With sales still slipping at Whole Foods Markets, the company says it is continuing its efforts to lower prices, and getting ready to support those changes with increased marketing.
The Austin, Texas-based retailer says that while overall sales rose to $3.7 billion -- a record -- comparable-store sales dropped 3% -- a bigger dip than in recent quarters, and more than observers expected.
In a conference call, its executives explained the investments it was making, first in lowering its prices, and then in communicating those values to consumers. “We are ramping up our marketing behind digital coupons, in some markets stepping up mailings to people’s homes,” says John Mackey, co-founder and co-chief executive officer of Whole Foods Market, during the call. “That marketing is the next big step. We can lower prices here and there, but if people don’t know about them, we won’t get the full lift.”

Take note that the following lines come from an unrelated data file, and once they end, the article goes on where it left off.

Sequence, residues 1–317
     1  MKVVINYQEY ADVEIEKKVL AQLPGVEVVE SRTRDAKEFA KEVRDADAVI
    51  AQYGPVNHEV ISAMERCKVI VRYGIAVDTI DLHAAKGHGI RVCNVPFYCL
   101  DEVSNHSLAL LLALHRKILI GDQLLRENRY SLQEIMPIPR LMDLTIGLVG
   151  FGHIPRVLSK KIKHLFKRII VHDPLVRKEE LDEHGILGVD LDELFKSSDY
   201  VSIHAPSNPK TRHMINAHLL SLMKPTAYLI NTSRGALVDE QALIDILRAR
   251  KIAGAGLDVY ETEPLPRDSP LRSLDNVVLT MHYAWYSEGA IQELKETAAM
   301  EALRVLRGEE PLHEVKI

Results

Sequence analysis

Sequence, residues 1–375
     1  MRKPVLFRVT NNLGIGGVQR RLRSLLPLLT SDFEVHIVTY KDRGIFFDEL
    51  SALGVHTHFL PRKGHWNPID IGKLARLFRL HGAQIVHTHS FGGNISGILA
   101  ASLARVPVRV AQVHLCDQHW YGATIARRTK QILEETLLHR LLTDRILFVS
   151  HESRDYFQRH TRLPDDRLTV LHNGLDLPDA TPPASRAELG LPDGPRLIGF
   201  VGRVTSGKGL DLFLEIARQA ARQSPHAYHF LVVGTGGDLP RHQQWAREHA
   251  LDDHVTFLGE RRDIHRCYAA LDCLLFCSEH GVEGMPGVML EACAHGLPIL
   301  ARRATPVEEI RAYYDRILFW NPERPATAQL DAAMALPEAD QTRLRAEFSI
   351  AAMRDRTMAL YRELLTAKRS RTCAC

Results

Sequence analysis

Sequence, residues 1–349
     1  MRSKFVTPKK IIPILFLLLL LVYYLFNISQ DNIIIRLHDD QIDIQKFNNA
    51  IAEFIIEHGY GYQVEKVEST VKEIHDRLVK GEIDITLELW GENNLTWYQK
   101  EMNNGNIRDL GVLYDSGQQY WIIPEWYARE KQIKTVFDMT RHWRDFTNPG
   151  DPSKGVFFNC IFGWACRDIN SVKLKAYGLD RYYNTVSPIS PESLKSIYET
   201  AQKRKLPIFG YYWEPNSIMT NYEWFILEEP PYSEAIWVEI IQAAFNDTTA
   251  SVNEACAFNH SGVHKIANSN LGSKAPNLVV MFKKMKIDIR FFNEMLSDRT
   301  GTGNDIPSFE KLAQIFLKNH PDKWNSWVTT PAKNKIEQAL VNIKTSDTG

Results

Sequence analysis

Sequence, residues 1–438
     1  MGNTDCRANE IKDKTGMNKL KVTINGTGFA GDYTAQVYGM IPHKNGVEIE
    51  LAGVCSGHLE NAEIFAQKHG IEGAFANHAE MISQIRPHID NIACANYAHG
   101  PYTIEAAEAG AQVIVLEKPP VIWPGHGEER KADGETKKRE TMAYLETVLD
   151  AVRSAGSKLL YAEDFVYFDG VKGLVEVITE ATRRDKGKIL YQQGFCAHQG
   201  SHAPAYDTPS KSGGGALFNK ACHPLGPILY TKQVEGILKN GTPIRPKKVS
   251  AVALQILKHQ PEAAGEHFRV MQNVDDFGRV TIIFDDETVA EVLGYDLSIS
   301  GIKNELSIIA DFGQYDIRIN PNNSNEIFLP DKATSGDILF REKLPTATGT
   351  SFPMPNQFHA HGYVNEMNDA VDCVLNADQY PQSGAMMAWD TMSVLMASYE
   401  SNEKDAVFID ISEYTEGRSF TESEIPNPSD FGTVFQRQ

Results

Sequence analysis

“We are doing more to invite customers into stores through advertising, digital and radio,” says co-CEO Walter Robb. “And our teams do a terrific job of merchandising for them. So it’s creating a virtuous circle.”
As a result of the decline, it lowered its financial forecasts for the year. And while it says it is hopeful those comparable-store results will improve, there will be some impact from stepped-up marketing expenses and price investments.
Observers applaud Whole Foods’ strategy of addressing its “Whole Paycheck” reputation, and point out it faces increasingly stiff completion from other mainstream grocers, such as Kroger and Safeway, which are bringing their organic A-game to stores. And Trader Joe’s also continues to fight for its share of healthy-food shoppers. But many are still skeptical about the kickoff of its new 365 format, with the opening of the first store a few weeks away.
Morningstar still thinks the company “has a differentiated concept in grocery retail, allowing it to charge premium prices,” writes analyst Ken Perkins. “But the experimental 365 stores, incremental price cuts, and increased marketing” means less predictability in its results. Because Whole Foods “is still in the process of determining the right mix of promotion and price cuts, as both are needed but can have different impacts on various customer demographics,” he’s not expecting any immediate growth.
And while Deutsche Bank thinks the retailer is “moving in the right direction,” write analysts Ryan Gilligan and Shane Higgins in their report, “we believe it could take time (and more investments) before fundamentals inflect.”